Replace an Asian Chicken and Noodle Salad Pottle from Wishbone with the Thai Chicken Salad from Tank and save 884kJ/210cal, 18.4g fat and a whopping 888mg sodium.
Stick to two regular slices of a large pizza for a healthy-sized portion.
BEST PICK: Domino’s Value Range Classic Crust Trio of Veg
Baby spinach, mushrooms and fresh tomato with oregano and mozzarella cheese topping.
Per slice: 662kJ/158cal, 6.2g protein, 2.4g fat, 1.2g sat fat, 262mg sodium
Hell Pizza Pride Vegetarian
Regular pizza base topped with tomatoes, mushrooms, onions, capsicum, pineapple, mozzarella cheese, herbs and spices. Olives, garlic and jalapeño peppers optional.
Per slice: 793kJ/189cal, 8.8g protein, 4.9g fat, 2.7g sat fat, 197mg sodium
Pizza Hut Veg Delight on a Deep Pan pizza base
Mushroom, onion, capsicum, pineapple, tomato and mozzarella cheese topping.
Per slice: 600kJ/144cal, 5.6g protein, 4.5g fat, 2.1g sat fat, 220mg sodium
Hall of shame: P?izza Hut’s XL Meat Lovers or XL Hot ‘n’ Spicy on a Stuffed Crust
Two slices have over three-quarters your upper daily limit for sodium and more saturated fat than recommended in an average day.
Tips for pizzas
- Share! Order one pizza between four unless it’s very small, and don’t order extra-large sized unless there are lot of you.
- Add a salad. A side of salad or veges will help fill you up and get your nutrition balance right.
- Opt for thin and crispy bases rather than thick or cheesy-filled types (see Smart swap, below).
- Choose a topping with veges rather than meat or cheese, which can be salty, fatty and lack fibre.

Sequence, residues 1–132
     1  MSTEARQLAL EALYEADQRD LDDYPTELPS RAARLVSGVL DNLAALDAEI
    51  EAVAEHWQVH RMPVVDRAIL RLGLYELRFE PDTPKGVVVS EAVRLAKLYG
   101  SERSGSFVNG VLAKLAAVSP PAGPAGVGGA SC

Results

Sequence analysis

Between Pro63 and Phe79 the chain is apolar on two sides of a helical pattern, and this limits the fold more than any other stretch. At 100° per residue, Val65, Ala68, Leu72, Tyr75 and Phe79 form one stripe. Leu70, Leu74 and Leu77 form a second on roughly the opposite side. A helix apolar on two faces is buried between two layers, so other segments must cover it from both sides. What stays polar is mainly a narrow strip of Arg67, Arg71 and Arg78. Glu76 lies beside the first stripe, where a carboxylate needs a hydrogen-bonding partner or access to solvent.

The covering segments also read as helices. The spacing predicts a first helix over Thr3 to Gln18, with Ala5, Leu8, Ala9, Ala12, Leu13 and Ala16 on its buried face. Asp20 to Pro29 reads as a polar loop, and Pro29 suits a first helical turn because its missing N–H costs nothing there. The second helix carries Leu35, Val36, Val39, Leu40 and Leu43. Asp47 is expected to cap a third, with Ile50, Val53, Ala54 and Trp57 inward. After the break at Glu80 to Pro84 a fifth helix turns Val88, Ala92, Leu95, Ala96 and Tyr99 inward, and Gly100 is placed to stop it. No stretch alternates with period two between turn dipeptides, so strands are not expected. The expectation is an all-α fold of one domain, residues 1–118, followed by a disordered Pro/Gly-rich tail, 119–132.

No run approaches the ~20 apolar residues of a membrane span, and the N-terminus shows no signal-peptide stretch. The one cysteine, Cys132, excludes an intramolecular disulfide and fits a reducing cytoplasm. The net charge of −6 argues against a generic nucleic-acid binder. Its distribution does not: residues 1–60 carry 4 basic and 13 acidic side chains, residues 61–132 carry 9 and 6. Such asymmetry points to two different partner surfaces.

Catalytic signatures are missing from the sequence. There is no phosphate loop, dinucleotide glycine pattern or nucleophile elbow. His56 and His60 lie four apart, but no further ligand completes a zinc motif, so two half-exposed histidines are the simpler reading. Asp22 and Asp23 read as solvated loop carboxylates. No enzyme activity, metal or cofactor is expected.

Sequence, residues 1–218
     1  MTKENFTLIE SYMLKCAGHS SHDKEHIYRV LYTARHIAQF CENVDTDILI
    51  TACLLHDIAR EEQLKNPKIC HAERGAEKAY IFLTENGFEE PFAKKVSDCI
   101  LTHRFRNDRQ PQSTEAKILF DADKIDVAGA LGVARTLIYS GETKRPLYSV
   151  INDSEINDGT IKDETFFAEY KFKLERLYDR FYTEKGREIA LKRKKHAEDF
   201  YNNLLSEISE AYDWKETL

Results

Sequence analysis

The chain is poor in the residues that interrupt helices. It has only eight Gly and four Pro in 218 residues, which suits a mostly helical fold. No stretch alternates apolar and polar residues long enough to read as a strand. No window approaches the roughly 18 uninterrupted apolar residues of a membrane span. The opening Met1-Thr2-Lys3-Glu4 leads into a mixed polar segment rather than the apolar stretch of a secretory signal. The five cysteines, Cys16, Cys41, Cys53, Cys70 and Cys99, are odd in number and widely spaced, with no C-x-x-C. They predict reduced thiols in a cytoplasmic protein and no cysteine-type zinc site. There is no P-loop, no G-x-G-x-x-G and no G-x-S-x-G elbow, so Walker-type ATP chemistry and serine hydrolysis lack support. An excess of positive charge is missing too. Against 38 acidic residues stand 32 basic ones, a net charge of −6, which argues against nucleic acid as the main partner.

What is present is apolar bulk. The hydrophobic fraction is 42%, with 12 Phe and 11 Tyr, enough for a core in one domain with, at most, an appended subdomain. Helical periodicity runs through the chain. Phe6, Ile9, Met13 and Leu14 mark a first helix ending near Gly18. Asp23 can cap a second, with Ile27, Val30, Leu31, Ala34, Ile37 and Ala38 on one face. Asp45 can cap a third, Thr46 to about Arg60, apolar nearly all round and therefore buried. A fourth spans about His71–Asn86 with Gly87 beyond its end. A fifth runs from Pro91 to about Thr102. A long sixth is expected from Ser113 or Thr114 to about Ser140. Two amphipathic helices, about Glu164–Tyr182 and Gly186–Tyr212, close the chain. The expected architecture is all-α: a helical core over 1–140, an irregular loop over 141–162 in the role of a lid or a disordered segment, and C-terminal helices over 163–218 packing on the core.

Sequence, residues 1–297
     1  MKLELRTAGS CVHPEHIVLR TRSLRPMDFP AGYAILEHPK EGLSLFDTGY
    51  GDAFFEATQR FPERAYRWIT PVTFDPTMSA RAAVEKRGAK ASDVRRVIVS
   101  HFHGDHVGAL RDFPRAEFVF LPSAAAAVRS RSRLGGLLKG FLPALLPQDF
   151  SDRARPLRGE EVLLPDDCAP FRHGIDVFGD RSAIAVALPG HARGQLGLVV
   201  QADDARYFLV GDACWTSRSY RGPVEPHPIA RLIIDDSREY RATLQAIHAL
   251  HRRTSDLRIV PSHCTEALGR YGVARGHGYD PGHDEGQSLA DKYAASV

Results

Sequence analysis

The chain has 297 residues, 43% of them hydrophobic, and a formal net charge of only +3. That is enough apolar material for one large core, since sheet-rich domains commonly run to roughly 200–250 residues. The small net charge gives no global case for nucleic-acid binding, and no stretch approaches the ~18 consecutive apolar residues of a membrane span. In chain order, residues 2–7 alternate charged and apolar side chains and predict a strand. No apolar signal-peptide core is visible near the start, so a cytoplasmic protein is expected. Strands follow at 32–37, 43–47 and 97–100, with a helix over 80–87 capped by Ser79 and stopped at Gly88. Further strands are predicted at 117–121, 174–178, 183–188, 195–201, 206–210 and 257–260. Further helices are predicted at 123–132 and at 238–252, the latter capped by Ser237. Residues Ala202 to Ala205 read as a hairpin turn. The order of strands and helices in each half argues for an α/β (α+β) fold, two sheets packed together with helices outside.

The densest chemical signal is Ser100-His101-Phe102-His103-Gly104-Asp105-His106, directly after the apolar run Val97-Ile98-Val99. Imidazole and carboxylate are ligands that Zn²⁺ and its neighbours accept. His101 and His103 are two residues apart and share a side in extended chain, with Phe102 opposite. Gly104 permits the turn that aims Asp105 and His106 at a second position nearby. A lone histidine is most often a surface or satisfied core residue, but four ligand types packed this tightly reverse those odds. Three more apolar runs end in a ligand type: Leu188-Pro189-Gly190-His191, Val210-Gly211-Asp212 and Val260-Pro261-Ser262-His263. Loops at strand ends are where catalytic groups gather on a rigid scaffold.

Choosing Pizza Hut’s Beef & Onion on a Thin’n Crispy base rather than their Meat Lovers on a Stuffed Crust base saves you 360kJ/86cal, 260mg sodium and 3.4g saturated fat per slice — which all adds up when you have two or three slices.
Consider your choice of pizza base as it makes a difference. For example, having a Domino’s Value Range Veg Trio topping on a thin base instead of a Cheesy Crust base saves 240kJ/57cal, 3.4g fat, 2g sat fat and 114mg sodium.
A flavourful and spicy cuisine but it can be high in kilojoules and fats. It’s good to stick to rice, dhal and meat or fish cooked Tandoori-style. Other healthy choices are curries that are tomato or yoghurt-based.
Watch for dishes with coconut cream, ghee or anything deep fried — they tend to be high in saturated fats.
Keep away from samosas, bhajis and pakoras as they are deep fried.
Swap naan bread for poppadums and save about 19g fat. Swap butter chicken for tandoori chicken and reduce fat and saturated fat.
Fish ‘n chips
Fish and chip shops vary. Some use good oils and healthier deep-frying processes, offer grilled fish and use less salt and thicker fries, which are all good choices. Avoid extra deep-fried vegetables or fruit: the batter and the deep-frying turn them into high-fat products.
Ask for no salt and get salt sachets and add sparingly. This is one way to keep the sodium down.
Swap shoestring fries for wedges and save 9.8g sat fat per 100g.
Kebabs with lots of vegetables, hummus and tabouli are great options. If you’re adding meat or chicken, keep an eye on the fat content. Watch out for the added sauces and deep fried falafels as they can add unwanted energy and fat.
Leave off the dressings. Kebabs are tasty enough.
Choose a vegetarian kebab over a lamb kebab to reduce the kilojoules and increase fibre.
Spicy and aromatic, some Thai food can also be high in kilojoules and fats due to coconut milk and peanut sauce. Keep away from fried finger-foods and fried noodles. Your best bets are ingredients on grilled skewers, stir-fries with rice and the chicken or beef salads.
When eating a curry dish fish out your meat and vege pieces, which will be coated in the sauce, and leave any remaining sauce ‘soup’.
Swap deep-fried fish cakes for a spicy prawn soup.
Stir-fries with steamed rice, steamed fish or hot soups are good options. Steer clear of deep-fried and sweet and sour dishes. Avoid items with lots of sauce as they can be high in sodium.
Swap fried rice for steamed rice and save 646mg sodium and 7g fat.
Still thinking in calories? 1 calorie = 4.2 kilojoules